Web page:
By Jen Hinst-White
“I have this mystical-schmystical idea,” one of my writing teachers once said, “that stories exist outside of us somewhere, and it’s our job to get them down properly.”
He was a hard-nosed editor and a robust skeptic, and he confessed this notion five minutes before workshop’s end, as if not to give his own idea too much credence. I suspect, though, that most of us knew what he meant.
And if we can be mystical-schmystical for a moment and imagine this is so: Well, what does it mean to get a story down “properly”? Skillfully, yes; honestly, one hopes; but do we employ the storyteller’s guile, or the sage’s compassion, or the filleting knife of the satirist? What do we do with the stories we catch?
I recently happened on The Heaven of Animals, the debut short story collection by David James Poissant, and it brought this question to mind. In it, Poissant casts his storyteller’s net and catches sixteen kinds of suffering. Here, a grief to ring the bell of every reader’s memory: deaths of friendships, parents, children. In several stories, it’s a marriage that dies, or else hovers in death’s doorway, waiting to tumble in or out.
Chances are good that whoever you are, whatever you’ve been through, one of these stories will wreck you. For me it was “The Geometry of Despair,” a story of a couple grieving the loss of their one-month-old baby to SIDS; I read it with my own infant son sleeping beside me. My husband and I had planned a date night for that evening. Guess how that went?
Hard stuff—and yet Poissant looks deeply into all this suffering and draws out, of all things, surprise.
The characters alone are surprising: the one-armed teenage girl, seductive and philosophical; the man who seeks a mugger to end his life for him; the baby who glows. (Yes, literally glows. His father uses him as a flashlight to rummage for midnight snacks.)
But Poissant is also after other, deeper surprises. Another writer might have used this aptitude for the strange in the service of writerly fizz and fireworks. Poissant uses it as a backdrop to ask the largest of human questions.
Lily, the one-armed girl in “Amputee,” is talking theology even as she gets naked with an older man she’s just met.
“I’ve been mad at God a long time,” he tells her, and Lily counters: “What if it’s not God you’re mad at? What if the thing you’re mad at is this idea of God, this really bad idea you got from other people. What if God exists? What if God is love?”In another story, “Nudists,” Poissant tackles not one but two of life’s big questions: Why do we do the things we do? Is forgiveness possible, even when the guilty party can’t apologize? Mark, the main character, has always had a strained relationship with his brother Joshua, but when Mark’s wife dies, the strain becomes a break. Mark asks Joshua to catch the next flight to be with him, and Joshua balks:
Joshua had said that sort of thing could be difficult, that he’d have to discuss it with Marisa, that it was a tough time, which meant that he didn’t want to spend the money….
And so they had not spoken, not until the year unraveled into autumn and a surprise showed up in the mail.
This surprise puts them in contact again, but neither man can admit his wrongdoing; both explanation and forgiveness seem impossible. It takes a surreal setting, a shock to the system, to open the gates for that impossible thing. Mark ends up on a nude beach at night, plunges into icy surf, nearly drowns. I won’t spoil the ending, but it involves a pack of hairy nudists and a surprise moment of grace.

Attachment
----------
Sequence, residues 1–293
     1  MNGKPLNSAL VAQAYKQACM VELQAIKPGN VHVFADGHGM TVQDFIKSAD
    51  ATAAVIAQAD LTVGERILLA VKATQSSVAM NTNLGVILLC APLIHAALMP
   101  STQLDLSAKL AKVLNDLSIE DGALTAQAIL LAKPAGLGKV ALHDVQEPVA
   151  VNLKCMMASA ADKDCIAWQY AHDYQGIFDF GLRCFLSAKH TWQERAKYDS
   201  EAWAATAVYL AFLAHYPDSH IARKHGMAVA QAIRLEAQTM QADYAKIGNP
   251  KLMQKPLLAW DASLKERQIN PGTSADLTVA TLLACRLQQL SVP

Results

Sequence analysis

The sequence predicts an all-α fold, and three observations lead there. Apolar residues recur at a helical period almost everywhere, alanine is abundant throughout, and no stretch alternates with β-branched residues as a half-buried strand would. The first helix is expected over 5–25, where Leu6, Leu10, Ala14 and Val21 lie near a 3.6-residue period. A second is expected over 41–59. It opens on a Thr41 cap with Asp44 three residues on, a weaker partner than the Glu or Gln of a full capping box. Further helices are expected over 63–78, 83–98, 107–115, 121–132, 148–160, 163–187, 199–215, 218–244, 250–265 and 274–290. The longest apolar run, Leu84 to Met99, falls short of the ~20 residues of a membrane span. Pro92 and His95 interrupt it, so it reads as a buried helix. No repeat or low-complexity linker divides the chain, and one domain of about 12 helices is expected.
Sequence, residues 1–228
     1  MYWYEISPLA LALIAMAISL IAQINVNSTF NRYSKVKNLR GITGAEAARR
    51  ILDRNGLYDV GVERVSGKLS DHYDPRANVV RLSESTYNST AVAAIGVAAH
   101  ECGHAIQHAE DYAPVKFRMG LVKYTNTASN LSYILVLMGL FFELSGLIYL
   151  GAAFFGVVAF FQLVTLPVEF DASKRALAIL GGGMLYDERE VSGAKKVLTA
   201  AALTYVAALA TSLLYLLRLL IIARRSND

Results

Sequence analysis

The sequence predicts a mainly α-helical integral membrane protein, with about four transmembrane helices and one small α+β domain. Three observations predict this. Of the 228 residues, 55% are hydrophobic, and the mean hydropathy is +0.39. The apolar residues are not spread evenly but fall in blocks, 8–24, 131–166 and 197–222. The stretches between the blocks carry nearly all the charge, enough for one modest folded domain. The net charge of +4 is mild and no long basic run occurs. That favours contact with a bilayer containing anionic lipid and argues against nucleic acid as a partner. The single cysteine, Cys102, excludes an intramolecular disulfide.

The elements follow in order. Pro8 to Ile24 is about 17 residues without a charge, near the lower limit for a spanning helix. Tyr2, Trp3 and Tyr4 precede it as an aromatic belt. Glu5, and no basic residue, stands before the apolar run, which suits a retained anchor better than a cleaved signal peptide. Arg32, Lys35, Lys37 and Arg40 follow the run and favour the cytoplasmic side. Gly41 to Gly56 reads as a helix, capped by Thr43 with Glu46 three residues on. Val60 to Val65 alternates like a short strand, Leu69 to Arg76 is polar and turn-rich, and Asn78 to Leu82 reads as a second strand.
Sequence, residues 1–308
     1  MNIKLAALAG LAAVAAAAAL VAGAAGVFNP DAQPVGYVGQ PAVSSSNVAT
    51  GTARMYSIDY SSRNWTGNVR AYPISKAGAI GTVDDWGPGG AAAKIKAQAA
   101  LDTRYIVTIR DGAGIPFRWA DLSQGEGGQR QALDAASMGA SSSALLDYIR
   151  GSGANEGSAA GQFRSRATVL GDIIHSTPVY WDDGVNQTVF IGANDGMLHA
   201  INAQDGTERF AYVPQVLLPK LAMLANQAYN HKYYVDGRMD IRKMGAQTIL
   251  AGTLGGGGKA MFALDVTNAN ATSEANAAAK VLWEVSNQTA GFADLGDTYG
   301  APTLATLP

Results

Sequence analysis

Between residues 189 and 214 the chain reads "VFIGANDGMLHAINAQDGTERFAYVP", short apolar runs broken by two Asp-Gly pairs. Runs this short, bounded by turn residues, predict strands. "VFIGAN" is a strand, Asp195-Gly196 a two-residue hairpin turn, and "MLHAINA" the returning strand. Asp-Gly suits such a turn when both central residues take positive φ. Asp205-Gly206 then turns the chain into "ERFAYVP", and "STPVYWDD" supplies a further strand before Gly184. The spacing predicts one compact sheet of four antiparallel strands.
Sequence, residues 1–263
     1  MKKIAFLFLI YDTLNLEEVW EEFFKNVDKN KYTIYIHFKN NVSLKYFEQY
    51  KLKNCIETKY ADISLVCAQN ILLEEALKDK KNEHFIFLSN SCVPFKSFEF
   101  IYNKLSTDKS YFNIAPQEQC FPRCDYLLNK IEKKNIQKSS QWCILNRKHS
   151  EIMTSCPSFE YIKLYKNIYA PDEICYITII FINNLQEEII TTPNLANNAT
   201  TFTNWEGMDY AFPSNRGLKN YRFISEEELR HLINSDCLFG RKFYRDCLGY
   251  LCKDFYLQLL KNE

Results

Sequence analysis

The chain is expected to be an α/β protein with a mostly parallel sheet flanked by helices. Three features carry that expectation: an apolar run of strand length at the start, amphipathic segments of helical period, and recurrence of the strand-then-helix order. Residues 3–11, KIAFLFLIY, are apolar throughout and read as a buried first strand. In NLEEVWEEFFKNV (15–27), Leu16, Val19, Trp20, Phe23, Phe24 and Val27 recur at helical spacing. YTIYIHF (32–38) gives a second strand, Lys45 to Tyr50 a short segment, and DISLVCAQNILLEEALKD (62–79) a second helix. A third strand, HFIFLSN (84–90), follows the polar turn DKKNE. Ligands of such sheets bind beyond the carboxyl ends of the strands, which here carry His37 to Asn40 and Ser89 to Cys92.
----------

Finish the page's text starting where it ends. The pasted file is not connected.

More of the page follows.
There it is again: surprise. The nudists might have been played for cheap laughs: here, they provide both absurdity and wonder. The grace might have seemed forced: here, it feels true. That requires a kind of writerly discipline.
“Sell your cleverness and buy bewilderment,” Rumi wrote.
It takes courage to sit quietly with terrible things, or odd people, and not be clever: neither force an explanation, nor offer a platitude, nor crack a nervous joke. This may be the hardest way to write; you have to be a kind of Emmanuel to your characters, wholly with them in their suffering and strangeness.
But the rewards are great, and Poissant reaps them, and so does the reader.
I crave fiction like this, fiction that asks big questions, speaks honestly of suffering, but also of wonderful absurdity and surprise grace. By this I do not mean a string of happy endings, and wisely, Poissant does not furnish every story with one.
Sometimes the surprise is one of the other curious parcels that arrive on our doorsteps in the wake of pain: Beauty. Awakening. Unexpected laughter. Moments aglint with the wondrous impossible—like that Gospel story of Peter with his panties in a bundle over a vexing tax question. Jesus tells him to go and catch a fish, open its mouth, and find a coin inside.
How did the coin get there? Why a fish and not a forgotten pocket? I don’t know; is that really the point? Sell your cleverness and buy bewilderment. I delight in the writer—Poissant or any other—who, upon catching a story, dares to spring open its mouth for the surprise concealed inside.
Jen Hinst-White recently finished her first novel, Inklings, the story of an aspiring female tattooist in the early 1980s. She holds an MFA from the Bennington Writing Seminars, and her writing has been published in The Common, Big Fiction, Cactus Heart, and elsewhere. She blogs at jenhinstwhite.com.